What is Sebaceous Hyperplasia?
Sebaceous hyperplasia is another common and harmless skin condition brought about by the sebaceous glands. It typically affects those nearing and passing middle age. The sebaceous glands are tiny holocrine glands in your skin which secrete small amounts of lubricant into your hair follicles to moisturize the skin and hair. The lesions can appear singularly or multiply and look like soft, yellow bumps on the nose, cheeks, and forehead — the areas with the greatest number of glands. Sebaceous hyperplasia can also occur in other parts of the body on infrequent occasion. Our board-certified medical professionals at Skin Cancer Consultants in Dallas, TX are standing by to help treat your sebaceous hyperplasia.
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Due to their appearance, it is common for people to mistake sebaceous hyperplasia for basal cell carcinoma. Upon noticing a change on any part of your skin, do not attempt to diagnose it yourself. Call Skin Cancer Consultants and make an appointment for a visit with Dr. Thornwell Parker III, our procedural dermatologist, so that he can personally examine you. If it is sebaceous hyperplasia, he will suggest the removal of the lesions with a variety of techniques such as topical chemical treatments, cauterization, electrodesiccation, curettage, laser surgery, cryosurgery, etc. However, while scarring can be minimal, removal of sebaceous hyperplasia can leave a depressed scar and does not always prevent recurrence.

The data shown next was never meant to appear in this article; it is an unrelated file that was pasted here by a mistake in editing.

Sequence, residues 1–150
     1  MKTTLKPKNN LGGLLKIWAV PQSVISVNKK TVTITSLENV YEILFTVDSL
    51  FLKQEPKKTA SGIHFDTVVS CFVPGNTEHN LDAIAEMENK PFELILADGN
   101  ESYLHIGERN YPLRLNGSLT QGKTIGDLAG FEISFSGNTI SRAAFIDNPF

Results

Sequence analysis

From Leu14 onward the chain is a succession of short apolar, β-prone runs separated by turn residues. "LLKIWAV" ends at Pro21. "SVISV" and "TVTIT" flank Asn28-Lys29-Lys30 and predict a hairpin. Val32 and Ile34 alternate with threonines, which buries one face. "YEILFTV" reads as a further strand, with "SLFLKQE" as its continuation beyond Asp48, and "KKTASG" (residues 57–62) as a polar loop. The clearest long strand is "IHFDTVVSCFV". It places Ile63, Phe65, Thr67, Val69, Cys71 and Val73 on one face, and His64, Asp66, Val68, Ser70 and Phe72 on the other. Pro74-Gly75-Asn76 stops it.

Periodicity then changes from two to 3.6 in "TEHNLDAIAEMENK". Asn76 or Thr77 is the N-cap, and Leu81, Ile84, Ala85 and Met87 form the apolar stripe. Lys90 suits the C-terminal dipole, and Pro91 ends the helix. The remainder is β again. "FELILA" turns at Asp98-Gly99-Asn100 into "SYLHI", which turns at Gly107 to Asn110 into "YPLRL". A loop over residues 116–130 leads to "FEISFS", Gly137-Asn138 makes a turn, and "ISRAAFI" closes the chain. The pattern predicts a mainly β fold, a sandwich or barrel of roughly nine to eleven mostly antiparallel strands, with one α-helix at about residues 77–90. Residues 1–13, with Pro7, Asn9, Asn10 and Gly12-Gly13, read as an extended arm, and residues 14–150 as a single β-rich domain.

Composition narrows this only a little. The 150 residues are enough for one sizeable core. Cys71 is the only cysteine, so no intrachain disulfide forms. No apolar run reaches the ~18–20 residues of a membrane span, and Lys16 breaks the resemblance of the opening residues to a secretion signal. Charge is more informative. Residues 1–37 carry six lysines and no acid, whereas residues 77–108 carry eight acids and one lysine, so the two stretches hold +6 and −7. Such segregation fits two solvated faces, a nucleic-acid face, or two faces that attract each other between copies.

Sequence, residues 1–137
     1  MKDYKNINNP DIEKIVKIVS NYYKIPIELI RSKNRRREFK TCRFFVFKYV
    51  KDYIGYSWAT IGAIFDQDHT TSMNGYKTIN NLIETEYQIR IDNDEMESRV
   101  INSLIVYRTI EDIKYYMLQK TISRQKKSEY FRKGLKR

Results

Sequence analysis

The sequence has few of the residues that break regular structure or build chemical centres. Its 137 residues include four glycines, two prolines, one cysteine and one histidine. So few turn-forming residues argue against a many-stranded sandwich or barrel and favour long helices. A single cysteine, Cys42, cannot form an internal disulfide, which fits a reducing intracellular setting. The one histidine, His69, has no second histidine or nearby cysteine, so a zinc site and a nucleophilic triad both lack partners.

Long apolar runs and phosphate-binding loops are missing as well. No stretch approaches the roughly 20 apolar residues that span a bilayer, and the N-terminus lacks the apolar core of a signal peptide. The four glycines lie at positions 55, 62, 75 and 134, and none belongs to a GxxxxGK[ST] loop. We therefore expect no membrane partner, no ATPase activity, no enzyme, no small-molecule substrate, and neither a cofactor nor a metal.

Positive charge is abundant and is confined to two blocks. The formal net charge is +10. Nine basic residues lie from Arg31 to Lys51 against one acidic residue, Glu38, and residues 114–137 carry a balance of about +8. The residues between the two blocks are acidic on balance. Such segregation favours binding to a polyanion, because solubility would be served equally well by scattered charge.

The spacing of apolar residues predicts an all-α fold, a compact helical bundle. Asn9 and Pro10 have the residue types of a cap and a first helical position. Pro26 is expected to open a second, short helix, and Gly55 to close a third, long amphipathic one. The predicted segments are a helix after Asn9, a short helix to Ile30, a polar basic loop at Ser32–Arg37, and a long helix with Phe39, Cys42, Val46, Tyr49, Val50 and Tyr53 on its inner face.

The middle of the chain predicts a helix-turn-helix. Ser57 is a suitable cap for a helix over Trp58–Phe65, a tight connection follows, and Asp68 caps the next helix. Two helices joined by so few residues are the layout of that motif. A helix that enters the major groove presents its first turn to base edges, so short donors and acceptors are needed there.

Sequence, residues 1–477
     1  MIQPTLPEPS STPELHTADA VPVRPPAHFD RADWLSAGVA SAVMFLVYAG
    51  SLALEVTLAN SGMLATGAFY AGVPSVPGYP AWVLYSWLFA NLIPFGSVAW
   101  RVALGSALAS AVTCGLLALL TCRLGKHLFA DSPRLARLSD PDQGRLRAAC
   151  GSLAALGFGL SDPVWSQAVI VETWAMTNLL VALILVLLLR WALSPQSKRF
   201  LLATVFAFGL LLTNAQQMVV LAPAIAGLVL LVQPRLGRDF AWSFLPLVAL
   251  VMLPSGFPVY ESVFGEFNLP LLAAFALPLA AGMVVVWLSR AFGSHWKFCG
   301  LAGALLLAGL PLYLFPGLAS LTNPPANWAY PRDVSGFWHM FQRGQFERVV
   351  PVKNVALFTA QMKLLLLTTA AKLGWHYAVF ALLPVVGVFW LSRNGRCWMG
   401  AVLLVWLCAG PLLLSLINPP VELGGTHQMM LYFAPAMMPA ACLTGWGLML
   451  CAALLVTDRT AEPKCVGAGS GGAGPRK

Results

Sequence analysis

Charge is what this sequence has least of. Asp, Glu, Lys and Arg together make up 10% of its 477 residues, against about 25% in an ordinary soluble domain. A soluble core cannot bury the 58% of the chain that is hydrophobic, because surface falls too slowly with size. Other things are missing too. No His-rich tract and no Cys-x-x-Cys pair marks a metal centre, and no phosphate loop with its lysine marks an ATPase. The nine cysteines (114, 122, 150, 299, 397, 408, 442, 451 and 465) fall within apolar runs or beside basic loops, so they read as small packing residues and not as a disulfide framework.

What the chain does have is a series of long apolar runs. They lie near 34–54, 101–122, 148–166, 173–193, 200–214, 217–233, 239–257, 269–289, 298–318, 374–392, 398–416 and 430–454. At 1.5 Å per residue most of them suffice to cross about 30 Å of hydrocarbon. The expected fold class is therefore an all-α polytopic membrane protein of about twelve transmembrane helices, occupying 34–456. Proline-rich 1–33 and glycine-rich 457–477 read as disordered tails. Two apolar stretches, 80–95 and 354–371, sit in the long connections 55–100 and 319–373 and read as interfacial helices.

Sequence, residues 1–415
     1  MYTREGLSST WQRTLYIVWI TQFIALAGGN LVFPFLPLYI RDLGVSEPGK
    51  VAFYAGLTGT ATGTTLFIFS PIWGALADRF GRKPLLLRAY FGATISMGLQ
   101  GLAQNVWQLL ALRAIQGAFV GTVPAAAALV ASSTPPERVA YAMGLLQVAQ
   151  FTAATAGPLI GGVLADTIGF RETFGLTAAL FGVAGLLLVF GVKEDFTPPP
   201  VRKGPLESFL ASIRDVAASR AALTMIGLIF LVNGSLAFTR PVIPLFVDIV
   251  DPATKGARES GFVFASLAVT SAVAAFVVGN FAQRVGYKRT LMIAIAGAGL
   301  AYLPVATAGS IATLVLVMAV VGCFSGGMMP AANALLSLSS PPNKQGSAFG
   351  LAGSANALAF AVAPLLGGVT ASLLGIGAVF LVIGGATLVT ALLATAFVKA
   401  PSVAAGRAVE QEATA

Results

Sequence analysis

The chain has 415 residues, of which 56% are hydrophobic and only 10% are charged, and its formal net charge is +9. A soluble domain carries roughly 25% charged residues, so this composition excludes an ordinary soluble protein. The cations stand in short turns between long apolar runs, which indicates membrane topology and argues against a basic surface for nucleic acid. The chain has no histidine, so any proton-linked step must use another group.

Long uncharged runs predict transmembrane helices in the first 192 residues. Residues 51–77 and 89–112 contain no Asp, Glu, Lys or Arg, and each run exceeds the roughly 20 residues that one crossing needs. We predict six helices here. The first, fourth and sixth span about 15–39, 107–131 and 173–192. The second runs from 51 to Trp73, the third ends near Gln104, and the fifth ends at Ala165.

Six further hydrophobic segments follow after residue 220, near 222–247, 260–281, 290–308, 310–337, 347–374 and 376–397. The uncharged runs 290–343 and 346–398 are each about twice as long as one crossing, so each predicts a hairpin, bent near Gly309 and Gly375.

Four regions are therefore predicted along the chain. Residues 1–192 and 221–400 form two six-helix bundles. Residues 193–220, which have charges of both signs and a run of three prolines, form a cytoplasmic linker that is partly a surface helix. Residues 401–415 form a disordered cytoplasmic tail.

Cauterization is a quick and easy treatment that proves very effective for the reduction of sebaceous hyperplasia. This treatment causes the lesions to temporarily scab, and then flake off. No over-the-counter medications, acne treatments, and no amount of scrubbing will remove the rimmed bumps that occur with sebaceous hyperplasia. In fact, trying to overzealously scrub them off can damage the skin and lead to dryness, irritation, bleeding, and infection. It is important to remember that this a cosmetic condition and no cause for alarm. As with most other dermatological issues, sun damage is linked to sebaceous hyperplasia and is not reversible. Arrange for a visit with Skin Cancer Consultants to talk about a program for sebaceous hyperplasia management moving forward.
Causes and Risks
In addition to sun exposure, many specialists agree that genetic predisposition also comes into play when determining who is afflicted with sebaceous hyperplasia. A weak immune system may also contribute to having the condition, as can basic acne. Furthermore, hormone levels can be a factor, as well as taking the medication Cyclosporin A. Some post-transplant patients also find themselves dealing with this skin condition. If you find yourself in one of the last two categories, talk to the Skin Cancer Consultants team to learn more about what you can do to prevent or treat sebaceous hyperplasia while you are still in recovery and on medication. The main thing to keep in mind is not what has caused it, but how to best manage it.
Plan Your Procedure
Do Away With Discomfort
Sebaceous hyperplasia does not cause serious complications, but if the lesions become irritated, pain and bleeding with ulceration may result. Should this happen, infection is a likely result and it is imperative to seek medical attention as soon as possible. However, most of the lesions will appear and disappear at random. They may also change color and be more noticeable on some days than others. It is always important to keep track of the lesions. Some people take pictures to better track how the condition is morphing from day to day or week to week. This can also help to keep track of which treatments are working better compared to others. To begin a sebaceous hyperplasia management program, contact our office to set up a consultation today.